So, let’s unbox OpenZeppelin’s tutorialtoken and install the zeppelin-solidity package with npm:


$ mkdir TokenProject
$ cd TokenProject
$ truffle unbox tutorialtoken
$ npm install zeppelin-solidity


Now, in our /contracts directory we create a TestToken.sol file with the following content:


Hereby we import the StandardToken.sol contract and use is to declare our token inherits from the StanndardToken contract — that includes all variables and functions, which can nonetheless be overwritten by redeclaring them in our contract.

So, we set the parameters of our own token that way:


We add the above four lines within our contract, between the curly braces with indentation of four spaces. The name and symbol variables specify our token’s unique identity, while the decimals determine the degree to which it can be subdivided.


Based on the nature of what our token should represent we ought to decide how or whether to subdivide it. For example, if the token represents an non-divisible entity such as a certificate or a software agreement it doesn’t make sense that somebody would hold a fraction of it, so we leave decimals to 0. By default, decimals are usually set to 18, meaning they can be subdivided to .0000000000000000001 tokens.


And lastly, INITIAL_SUPPLY determines the number of tokens created upon deployment. It must be considered however, that the total supply is correlated with the decimals, i.e. if decimal places are set to 18 and the amount of tokens to 100, then the supply would equivalate to 100000000000000000000 (18 zeroes after the amount).


And finally, we need to insert a constructor function (which is executed only ones and has the same name as the contract) which sets a totalSupply equivalent to the declared INITIAL_SUPPLY and gives the total supply to the address of the deploying account. So we add the following below the declared token parameters:


With balances[msg.sender] we set the amount of tokens to receive as the creator of the contract which will be sent to the ETH address of wherever we deploy the contract. The logic of token distribution could, of course, be set otherwise, but for now we’ll keep it simple.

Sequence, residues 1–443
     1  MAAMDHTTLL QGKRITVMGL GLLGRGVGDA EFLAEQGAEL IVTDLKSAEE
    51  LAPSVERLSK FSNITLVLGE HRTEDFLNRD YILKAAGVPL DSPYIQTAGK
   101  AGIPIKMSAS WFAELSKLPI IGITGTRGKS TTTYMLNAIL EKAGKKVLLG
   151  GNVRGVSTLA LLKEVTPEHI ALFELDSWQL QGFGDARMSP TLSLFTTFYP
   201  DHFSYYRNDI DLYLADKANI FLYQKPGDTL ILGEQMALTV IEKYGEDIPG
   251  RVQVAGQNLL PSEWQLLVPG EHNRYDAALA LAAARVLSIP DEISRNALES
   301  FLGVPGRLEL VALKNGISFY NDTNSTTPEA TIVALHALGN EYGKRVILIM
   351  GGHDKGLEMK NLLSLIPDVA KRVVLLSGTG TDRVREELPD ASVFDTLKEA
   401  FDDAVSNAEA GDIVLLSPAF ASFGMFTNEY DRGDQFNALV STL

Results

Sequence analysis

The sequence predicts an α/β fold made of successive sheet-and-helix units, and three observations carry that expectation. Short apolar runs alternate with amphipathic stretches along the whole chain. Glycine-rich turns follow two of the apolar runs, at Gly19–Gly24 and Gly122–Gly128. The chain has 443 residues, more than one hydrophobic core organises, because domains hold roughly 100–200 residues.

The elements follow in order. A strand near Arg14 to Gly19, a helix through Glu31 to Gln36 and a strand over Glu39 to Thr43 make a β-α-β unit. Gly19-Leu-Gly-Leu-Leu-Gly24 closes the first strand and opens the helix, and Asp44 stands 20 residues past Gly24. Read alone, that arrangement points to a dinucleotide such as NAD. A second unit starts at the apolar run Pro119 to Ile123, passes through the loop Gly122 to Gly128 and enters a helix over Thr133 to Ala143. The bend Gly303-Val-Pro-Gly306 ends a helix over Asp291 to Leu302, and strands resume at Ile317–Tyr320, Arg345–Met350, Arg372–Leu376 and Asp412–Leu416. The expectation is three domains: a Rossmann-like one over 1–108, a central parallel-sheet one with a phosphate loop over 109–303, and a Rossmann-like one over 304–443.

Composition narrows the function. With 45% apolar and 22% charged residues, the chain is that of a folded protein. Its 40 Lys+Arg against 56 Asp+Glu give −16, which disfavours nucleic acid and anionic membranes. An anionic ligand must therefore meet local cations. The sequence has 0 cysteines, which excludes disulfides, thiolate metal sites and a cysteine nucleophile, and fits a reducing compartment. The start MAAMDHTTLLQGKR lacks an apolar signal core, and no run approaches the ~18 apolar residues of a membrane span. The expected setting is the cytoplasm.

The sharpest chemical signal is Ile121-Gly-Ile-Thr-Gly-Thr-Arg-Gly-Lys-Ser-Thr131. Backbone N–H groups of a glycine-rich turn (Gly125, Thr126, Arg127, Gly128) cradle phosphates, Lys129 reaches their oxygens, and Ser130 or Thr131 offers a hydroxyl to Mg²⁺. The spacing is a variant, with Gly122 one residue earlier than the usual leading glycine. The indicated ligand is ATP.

Our final contract looks like this:


Now we can proceed with compilation and deployment.
In the migrations/ directory we create a file entitled 2_deploy_contracts.js with the following content:


Next, we launch Ganache which will generate a blockchain instance running locally on port 7545. And then, within our project’s root directory, we can run:

$ truffle compile

Once compiled, we deploy the contract to our blockchain:

$ truffle migrate


We get something like this:

Running migration: 1_initial_migration.js
Deploying Migrations…
… 0xda8eac2a451f036726f33e52c8d30d43b5b540fc7fd88976e814320c3304e43b
Migrations: 0x8cdaf0cd259887258bc13a92c0a6da92698644c0
Saving successful migration to network…
… 0xd7bc86d31bee32fa3988f1c1eabce403a1b5d570340a3a9cdba53a472ee8c956
Saving artifacts…
Running migration: 2_deploy_contracts.js
Deploying TestToken…
… 0x053985eda138cf6599d0659b44b7a385b84fb324cfc1a7ceb1cf4fafa9c522e0
TestToken: 0x345ca3e014aaf5dca488057592ee47305d9b3e10
Saving successful migration to network…
… 0xf36163615f41ef7ed8f4a8f192149a0bf633fe1a2398ce001bf44c43dc7bdda0
Saving artifacts…


And the transactions will show up on the Ganache GUI.



In order to interact with our token, we must now fire up the MetaMask browser extension (in Chrome, Brave or FireFox) and connect it to our custom RPC at

When generating an account it’s important to use the Ganache mnemonic as shown in Accounts:

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From here now on we can send and receive tokens between the ten addresses in Ganache (ours is the first) using MetaMask.


Now let’s finalize by deploying to the testnet. Open the Solidity Remix Compiler in a new browser tab. Then click on the folder icon that says “Add Local File to the Browser Storage Explorer” and add both our TestToken, the StandardToken from which it inherits, and the Token.sol from which StandardToken in turn inherits.


We then switch to the Ropsten testnet via MetaMask, compile our contract, go to the “Run” tab, click “Create” — and a notification pops up in MetaMask asking us to pay for the transaction. We hit “Submit”, go to “Sent” and click on the “Transaction Number” once the contract has been deployed.


Then from Etherscan we copy the contract address, go back to MetaMask and click “Add” in the Tokens tab. We paste the contract address, give the token symbol and decimal points, and that’s it — we’re in possession of our tokens.


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Martin Banov

Martin Banov is a nerd of various stripes that seeks to cultivate a more nuanced, trans-disciplinary perspective with the underlying assumption that a chicken is just an egg's way of making more eggs. Hayekian in the economics department, Deleuzian in the philosophy wing and McLuhanist in his reasoning about technology.